AuthorTopic: The Environment Board  (Read 36661 times)

Offline John of Wallan

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Re: The Environment Board
« Reply #240 on: October 12, 2019, 01:26:16 AM »
#4 Shelter/ warmth/ cooling:
In JOW manor I have a wood fire we use predominantly through the winter. Also have ducted gas heating but we hardly use this. I enjoy cutting wood and it saves us money, not to mention its much nicer.
Have an old 4WD and trailer and a couple of cheap Chinese chain saws. They do the trick and usually last me 5 or 6 seasons before I buy another one, usually for around the cost of a bar and chain from Stihl. Dont get me wrong they are cheap and nasty and no where as good as a Stihl or Husky, but at 10% the cost of the good European stuff, I can buy one every 5 years and still never spend the same money. Usually I go for a bigger saw 60cc or so with 22" bar or bigger. Costs around $150 with 2 chains. Equivalent in a Stihl is maybe a smaller 40cc saw at around $1500! Sharpen my own chains with a cheap chain sharpener. See picture. Press in foreground is a Super Simplex loading press. Australian made. Nice little unit. Not sure if you guys see then in US. Thats another topic....
For summer when we are sure to get power outages, I have rigged up a small water spray unit to give some relief and avoid heat stroke. You get them in the local hardware. I will attach a link. Cant make it out too well in pic, but attached to garden hose it gives off a fine cooling mist to sit under in a shady spot next to my house. Het stroke is a real problem when we get heat waves. Will be huge issue when power goes out as well. Something everyone in hot areas should look at.
https://www.bunnings.com.au/holman-7m-misting-system-kit_p3120717 

Haven't built an underground bunker yet......

Offline John of Wallan

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Re: The Environment Board
« Reply #241 on: October 12, 2019, 01:57:52 AM »
#5 Other.
This is most important in my eyes.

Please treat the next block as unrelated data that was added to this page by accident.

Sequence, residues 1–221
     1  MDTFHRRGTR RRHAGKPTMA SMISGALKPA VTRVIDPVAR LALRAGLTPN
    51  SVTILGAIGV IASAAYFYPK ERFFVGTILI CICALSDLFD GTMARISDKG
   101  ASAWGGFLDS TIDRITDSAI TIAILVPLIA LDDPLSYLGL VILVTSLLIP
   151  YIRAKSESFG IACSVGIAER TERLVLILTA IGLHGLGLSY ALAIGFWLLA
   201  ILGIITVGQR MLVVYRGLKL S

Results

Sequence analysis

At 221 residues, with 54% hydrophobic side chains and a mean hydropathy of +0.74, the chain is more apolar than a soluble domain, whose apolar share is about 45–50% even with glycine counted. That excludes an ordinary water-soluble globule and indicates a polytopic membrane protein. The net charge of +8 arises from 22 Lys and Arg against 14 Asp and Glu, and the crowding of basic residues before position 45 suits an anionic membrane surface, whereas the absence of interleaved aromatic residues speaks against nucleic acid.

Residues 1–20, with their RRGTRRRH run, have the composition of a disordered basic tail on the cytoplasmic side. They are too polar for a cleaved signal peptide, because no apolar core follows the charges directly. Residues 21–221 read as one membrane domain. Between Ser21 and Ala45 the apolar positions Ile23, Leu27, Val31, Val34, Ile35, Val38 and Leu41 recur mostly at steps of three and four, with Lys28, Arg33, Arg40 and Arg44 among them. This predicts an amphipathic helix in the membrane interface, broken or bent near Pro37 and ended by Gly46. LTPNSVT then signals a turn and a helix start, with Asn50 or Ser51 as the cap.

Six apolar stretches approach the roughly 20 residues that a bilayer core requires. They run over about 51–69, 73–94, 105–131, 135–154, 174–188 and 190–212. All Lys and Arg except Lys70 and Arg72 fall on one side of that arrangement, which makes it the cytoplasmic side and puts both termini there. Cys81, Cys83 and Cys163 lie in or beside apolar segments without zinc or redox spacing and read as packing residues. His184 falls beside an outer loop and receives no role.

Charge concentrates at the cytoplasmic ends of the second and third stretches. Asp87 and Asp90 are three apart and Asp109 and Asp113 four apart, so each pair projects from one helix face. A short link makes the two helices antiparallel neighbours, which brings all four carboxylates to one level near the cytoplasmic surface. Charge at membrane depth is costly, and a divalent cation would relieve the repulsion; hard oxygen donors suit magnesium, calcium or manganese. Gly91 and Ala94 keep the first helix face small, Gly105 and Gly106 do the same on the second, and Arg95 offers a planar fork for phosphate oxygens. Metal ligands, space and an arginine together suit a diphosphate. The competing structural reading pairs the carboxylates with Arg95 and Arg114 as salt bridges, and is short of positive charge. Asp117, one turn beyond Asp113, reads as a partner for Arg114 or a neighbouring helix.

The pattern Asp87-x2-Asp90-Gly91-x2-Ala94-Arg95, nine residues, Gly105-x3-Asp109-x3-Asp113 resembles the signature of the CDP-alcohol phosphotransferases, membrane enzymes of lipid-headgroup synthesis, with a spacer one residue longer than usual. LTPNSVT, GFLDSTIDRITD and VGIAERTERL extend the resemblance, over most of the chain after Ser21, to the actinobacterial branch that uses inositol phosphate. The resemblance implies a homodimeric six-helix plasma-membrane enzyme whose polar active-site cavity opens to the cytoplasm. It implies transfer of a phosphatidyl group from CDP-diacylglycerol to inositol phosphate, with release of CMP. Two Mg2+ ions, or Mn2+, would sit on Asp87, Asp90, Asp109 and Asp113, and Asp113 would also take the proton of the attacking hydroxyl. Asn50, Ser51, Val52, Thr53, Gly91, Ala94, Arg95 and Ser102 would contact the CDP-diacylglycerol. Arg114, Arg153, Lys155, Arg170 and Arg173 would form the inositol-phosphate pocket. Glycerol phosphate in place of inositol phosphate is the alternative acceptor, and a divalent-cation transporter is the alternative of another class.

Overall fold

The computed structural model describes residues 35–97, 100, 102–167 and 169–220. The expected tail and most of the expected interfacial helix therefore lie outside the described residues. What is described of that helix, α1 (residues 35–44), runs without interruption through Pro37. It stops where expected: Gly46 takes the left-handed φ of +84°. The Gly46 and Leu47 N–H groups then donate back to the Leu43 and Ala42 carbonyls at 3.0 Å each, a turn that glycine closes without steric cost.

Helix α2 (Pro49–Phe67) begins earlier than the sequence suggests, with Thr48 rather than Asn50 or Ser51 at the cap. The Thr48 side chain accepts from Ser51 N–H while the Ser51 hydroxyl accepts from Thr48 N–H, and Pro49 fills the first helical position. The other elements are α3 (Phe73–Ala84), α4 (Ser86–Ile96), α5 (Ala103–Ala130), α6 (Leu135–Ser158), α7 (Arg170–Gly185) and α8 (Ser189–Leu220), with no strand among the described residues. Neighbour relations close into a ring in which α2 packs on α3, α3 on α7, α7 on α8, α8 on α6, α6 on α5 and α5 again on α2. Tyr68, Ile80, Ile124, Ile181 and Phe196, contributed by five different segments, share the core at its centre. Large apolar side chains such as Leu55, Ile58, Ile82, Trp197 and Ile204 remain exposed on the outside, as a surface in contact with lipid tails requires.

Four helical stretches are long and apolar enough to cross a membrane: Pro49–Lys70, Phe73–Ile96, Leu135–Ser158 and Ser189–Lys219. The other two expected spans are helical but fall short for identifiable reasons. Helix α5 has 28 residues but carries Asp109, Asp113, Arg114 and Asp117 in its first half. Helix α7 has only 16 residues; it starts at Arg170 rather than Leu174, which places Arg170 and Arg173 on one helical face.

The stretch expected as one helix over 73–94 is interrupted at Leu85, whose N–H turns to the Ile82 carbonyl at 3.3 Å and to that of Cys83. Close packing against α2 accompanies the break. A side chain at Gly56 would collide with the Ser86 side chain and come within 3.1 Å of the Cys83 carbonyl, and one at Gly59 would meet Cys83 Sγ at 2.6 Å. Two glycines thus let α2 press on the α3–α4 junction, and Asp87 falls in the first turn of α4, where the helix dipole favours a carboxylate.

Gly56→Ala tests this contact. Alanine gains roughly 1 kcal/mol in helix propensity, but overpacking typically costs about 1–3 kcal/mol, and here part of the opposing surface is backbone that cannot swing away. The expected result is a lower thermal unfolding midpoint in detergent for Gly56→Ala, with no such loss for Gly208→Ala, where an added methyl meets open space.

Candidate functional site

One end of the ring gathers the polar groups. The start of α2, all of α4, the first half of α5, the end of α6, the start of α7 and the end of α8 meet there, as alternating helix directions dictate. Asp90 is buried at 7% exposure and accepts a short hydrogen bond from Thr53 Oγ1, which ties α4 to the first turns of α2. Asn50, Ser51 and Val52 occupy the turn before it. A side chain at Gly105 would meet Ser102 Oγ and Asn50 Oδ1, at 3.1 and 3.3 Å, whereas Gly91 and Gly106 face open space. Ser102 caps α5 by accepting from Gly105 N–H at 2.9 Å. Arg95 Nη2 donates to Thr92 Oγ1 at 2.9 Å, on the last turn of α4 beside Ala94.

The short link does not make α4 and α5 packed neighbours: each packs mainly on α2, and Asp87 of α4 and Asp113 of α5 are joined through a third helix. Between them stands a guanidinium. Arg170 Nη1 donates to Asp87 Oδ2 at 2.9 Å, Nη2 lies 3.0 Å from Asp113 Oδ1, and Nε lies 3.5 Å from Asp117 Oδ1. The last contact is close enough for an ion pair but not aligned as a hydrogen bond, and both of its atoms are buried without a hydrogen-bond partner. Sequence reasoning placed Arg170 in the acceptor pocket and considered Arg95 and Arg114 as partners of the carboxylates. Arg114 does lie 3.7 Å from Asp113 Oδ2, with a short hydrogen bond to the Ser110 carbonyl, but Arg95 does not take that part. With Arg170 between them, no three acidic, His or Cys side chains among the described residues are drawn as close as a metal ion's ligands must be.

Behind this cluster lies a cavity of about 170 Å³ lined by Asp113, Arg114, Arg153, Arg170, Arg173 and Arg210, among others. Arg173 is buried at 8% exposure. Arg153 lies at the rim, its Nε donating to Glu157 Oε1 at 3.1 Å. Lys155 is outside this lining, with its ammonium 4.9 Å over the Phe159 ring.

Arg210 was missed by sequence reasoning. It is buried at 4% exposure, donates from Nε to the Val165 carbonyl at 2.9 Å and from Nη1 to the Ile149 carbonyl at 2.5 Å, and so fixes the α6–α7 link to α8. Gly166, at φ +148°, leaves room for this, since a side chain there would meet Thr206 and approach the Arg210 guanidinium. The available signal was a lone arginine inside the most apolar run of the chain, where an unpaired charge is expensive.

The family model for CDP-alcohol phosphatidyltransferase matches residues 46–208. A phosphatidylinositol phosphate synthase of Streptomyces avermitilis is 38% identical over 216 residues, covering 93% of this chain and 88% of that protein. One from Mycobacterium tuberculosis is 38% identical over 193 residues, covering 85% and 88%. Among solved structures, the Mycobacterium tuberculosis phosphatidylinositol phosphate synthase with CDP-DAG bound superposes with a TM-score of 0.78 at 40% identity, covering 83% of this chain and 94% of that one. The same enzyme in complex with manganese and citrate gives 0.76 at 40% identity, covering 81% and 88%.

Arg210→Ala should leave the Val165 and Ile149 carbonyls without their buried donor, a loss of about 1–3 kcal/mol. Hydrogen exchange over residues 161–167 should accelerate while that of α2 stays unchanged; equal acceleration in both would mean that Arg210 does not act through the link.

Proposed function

All the preps in the wold will only last so long.
I have a lifetime of accumulated engineering junk, tools and gadgets, as well as half my fathers accumulated farming and engineering tools and knowledge he has passed on. This and relationships is what will keep you alive long term when things get bad.
I have my in laws living on my property, and I have a policeman living next door I get along well with and always make sure he has my mobile number and chat frequently over the fence and give a few lemons or other fruit to when I have plenty. Community and friends you can count on is what protects you long term.
Before people ask about personal protection, I have firearms, but remember we have a very different gun culture here in Oz than in the states. Here it is only professionals who need them for work, enthusiasts and hobbyist who own then. I am the last category. I get old junk and restore it, and get a lot of pleasure out of this, just as much as reloading and firing them. You are not allowed to own firearms in Australia for personal protection. It is not a valid reason. Farmers, sporting shooters and hunters only. You have to be licensed and guns registered. I will post a picture of an old AYA shotgun I picked up last year for $25 and cleaned up. Turned up a new firing pin on my lather and made up an extractor cam out of a piece of stainless steel cutlery. Its still a cheap shotgun, but it has been great fun working out how to fix it, and I have pulled the box lock action apart into 20 odd pieces several times now, and it still works!
Attached is a picture of a forge I built with my youngest son when he was about 12 out of a stainless steel beer keg and a vacuum cleaner. Works a treat! Was able to get cherry red steel and work on a makeshift anvil made from a piece of railway track seen in the background. This tinkering I think is important to push your mind and abilities to adapt and overcome. Neccesity is the mother of invention..

No RE. I don't have batteries. Solar and batteries is something I will look at when I retire. Also want to do something with wood gas to generate electricity as well as heat.

Most of what I have done has been either free or very cheap. I have been paying off a mortgage and sending my 2 lads to a very expensive school for last 20 years, (Now university!), so I have never had any cash to throw around at latest stuff. This has been a blessing in hindsight. I think I have achieved a lot very cheaply, and learnt a hell of a lot along the way. My grandparents made everything by hand, and never bought anything on credit, and they thrived in what we would describe as "The end of the world as we know it".   
 
Hope you enjoyed my rant and pictures. Any more info you need just ask.
Any more ideas please share.

JOW

Offline RE

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Re: The Environment Board
« Reply #242 on: October 12, 2019, 02:54:55 AM »
#5 Other.
This is most important in my eyes.
All the preps in the wold will only last so long.